If Supervisor Marina Dimitrijevic plans to coast through another election unopposed, she has another thing coming. Bill Buresh, a lifelong Democrat of Bayview, is challenging her for the County's fourth supervisory district. Defeating Dimitrijevic won't be easy; but if anyone can pull it off, it would be Buresh.
Growing up in a single family home, Buresh didn't have much time to be a kid. His mother worked third shift at a factory leaving him with adult responsibilities. At 10, Buresh was tasked with the primary care of his newborn sister. He got her up every morning, packed her lunches, and took her to daycare on his bike. By 16, Buresh worked two part-time jobs to help his mother when possible. By 18, he bought his first house using the money he had saved from his paper route as a down payment.
Shortly after buying his first home, he converted it from a single family into a duplex. He soon rented it out and realized he had a knack for real-estate. Buresh now owns five properties including an eighteen-unit apartment building. To keep the costs down, he mows all the lawns, plows all the lots, and does all the repairs himself. He even bragged that all the apps on his Iphone were free.
So thoroughgoing is Buresh about saving money, he bought toilets for his rental property estimating the cost by the flush. This is no joke. He determined the average number of flushes per family per day. Of course, each family is different. Some stay home more than others so their flush volume would be higher. No worries, Buresh had a formula for that as well. New toilet installations reduced his water bill from $1200 per quarter to $690. He recovered the purchasing cost of those toilets in just five years although the toilets will last much longer.
Buresh intends to bring the same fiscal philosophy he uses in his own finances to the county government. If the spending goes up, then you need to ensure that your revenue can meet your fiscal obligations, Buresh told me. This is a far different philosophy than his opponent, Supervisor Dimitrijevic, whom some say she hasn't met a tax increase she didn't like. Her crowned jewel spending program called "Green Print" already cost county taxpayers roughly $30 million so county facilities could be retrofitted with green technology such as solar panels.
Some have argued that her program is "a bit more show than go" and that such programs would have been in place anyway, but without all the fanfare. Yes, Green Print uses technology that conserves energy, but $30 million over a 20 to 25 year span is a hefty price tag when technology goes obsolete by the day. And of course, there is also a concern about creating a County Board Sustainability Office to monitor the program. Does the county need another highly compensated czar?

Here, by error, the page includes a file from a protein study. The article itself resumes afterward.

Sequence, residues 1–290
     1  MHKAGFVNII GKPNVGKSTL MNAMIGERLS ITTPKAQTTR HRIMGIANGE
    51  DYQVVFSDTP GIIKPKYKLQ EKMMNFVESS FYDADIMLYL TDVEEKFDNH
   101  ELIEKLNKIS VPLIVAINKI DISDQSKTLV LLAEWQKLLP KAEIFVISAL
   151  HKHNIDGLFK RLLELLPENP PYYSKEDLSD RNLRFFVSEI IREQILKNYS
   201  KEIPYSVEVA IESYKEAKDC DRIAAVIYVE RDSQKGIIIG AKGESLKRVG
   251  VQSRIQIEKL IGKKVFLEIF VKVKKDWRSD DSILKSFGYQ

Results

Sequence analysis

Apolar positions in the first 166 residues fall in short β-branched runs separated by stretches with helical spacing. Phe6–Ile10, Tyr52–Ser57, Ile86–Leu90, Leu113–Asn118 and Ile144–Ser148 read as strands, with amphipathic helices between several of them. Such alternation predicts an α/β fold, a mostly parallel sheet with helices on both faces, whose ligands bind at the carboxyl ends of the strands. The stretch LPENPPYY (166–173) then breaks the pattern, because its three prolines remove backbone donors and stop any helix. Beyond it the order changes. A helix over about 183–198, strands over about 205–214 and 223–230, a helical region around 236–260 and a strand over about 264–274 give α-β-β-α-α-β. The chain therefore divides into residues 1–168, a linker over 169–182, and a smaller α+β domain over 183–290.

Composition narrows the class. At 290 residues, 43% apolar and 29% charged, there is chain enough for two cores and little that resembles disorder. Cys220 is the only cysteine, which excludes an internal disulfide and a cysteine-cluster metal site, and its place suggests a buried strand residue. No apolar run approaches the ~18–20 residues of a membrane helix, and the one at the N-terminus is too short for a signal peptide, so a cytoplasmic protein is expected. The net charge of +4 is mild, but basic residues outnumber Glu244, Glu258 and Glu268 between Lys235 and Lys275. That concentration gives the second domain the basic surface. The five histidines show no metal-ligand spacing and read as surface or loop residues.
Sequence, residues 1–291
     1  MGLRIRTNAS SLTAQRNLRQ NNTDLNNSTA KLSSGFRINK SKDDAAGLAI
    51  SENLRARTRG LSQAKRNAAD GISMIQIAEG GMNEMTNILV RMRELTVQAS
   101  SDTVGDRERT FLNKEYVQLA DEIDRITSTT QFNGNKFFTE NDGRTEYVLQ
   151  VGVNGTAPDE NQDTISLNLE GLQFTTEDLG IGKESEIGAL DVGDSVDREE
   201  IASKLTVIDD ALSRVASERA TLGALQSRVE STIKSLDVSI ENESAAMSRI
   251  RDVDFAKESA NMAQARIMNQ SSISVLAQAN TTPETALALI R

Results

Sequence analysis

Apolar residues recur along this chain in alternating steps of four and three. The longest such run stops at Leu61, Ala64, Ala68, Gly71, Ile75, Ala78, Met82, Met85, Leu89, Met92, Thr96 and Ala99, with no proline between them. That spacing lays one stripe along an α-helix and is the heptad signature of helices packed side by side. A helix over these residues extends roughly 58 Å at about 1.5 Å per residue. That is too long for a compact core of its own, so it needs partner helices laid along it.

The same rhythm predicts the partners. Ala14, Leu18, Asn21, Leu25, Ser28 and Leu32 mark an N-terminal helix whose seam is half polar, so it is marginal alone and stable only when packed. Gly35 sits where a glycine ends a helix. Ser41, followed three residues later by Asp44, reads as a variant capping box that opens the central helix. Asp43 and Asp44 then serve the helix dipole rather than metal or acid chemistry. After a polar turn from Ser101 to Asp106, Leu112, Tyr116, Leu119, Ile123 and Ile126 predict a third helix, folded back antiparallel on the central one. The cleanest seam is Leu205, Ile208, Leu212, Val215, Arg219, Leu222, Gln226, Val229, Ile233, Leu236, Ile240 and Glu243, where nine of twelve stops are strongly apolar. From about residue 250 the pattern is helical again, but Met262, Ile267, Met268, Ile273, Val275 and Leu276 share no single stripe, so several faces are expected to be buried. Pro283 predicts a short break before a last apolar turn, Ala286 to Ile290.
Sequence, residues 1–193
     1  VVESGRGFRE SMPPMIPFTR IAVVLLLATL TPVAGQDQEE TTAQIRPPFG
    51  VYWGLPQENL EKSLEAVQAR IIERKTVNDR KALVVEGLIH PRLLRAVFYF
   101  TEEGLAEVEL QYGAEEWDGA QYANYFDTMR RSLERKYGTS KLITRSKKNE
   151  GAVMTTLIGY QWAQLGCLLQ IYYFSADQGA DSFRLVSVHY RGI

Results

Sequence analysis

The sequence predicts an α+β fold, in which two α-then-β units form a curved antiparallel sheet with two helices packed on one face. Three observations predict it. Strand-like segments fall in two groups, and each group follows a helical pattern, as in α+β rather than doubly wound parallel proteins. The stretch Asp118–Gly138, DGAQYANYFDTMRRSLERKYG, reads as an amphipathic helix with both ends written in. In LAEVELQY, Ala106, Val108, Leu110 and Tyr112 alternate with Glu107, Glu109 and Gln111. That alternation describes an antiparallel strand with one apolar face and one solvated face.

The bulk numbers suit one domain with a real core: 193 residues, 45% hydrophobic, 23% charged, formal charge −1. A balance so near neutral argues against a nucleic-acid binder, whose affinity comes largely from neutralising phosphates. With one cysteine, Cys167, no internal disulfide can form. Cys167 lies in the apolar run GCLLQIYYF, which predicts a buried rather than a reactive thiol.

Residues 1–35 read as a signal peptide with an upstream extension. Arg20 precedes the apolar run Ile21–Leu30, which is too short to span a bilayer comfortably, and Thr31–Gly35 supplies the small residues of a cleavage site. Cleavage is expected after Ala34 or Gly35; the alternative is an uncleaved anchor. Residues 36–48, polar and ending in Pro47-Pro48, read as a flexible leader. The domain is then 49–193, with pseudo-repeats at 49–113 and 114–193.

When asked about Green Print, Buresh said the county should invest in something that brings good returns and a swift payback. For instance, the costs of Buresh's toilets were recovered in five years. There is no need for porcelain toilets - unlike green technology - to be replaced frequently over a 20-30 year span. Buresh said it's great to go green; but before you invest millions into a project, "make sure you're recouping your money in a reasonable amount of time."
Two weeks ago, I broke the story that Supervisor Marina Dimitrijevic had endorsed Penny Sikora for County Supervisor, a delinquent with a long criminal rap sheet. Over a ten-year span, Sikora had two charges of spousal battery, theft, unemployment fraud, three restraining orders, and a few small claims judgments. County Supervisor Marina Dimitrijevic endorsed Sikora anyway saying he was the best candidate for the job.
Buresh said he would never give his endorsement to discreditable candidate without first putting him in a position where he can demonstrate improvement. "You give him a breadcrumb of responsibility before you give him an entire meal," said Buresh. "Let him demonstrate he can work consistently without hiccups before he can assume a county position of public trust."
Buresh also thought that Sikora's past was revelatory of his character. He may incline him to do other unethical things if elected to office, Buresh said. This wasn't a concern for Dimitrijevic, however. She asked reporter Dan Bice, "Don't we want people to have second chances?"
Sikora exceeded his second chance in 2002 and is well onto his ninth or tenth chance with the law. Dimitrijevic has yet to answer El Conquistador about why she endorsed Penny Sikora over candidate Deanna Alexander - an Army veteran with a master's degree in Public Administration and accounting experience in the private sector.
Spendthrift Dimitrijevic may have her hands full against a candidate who shows a mastery of getting more for less. Buresh took on more responsibility at the age of ten than many adults are willing to accept even now. As Dimitrijevic goes toe-to-toe with Buresh, he just may teach her a thing or two about spending the public's money as if it were your own.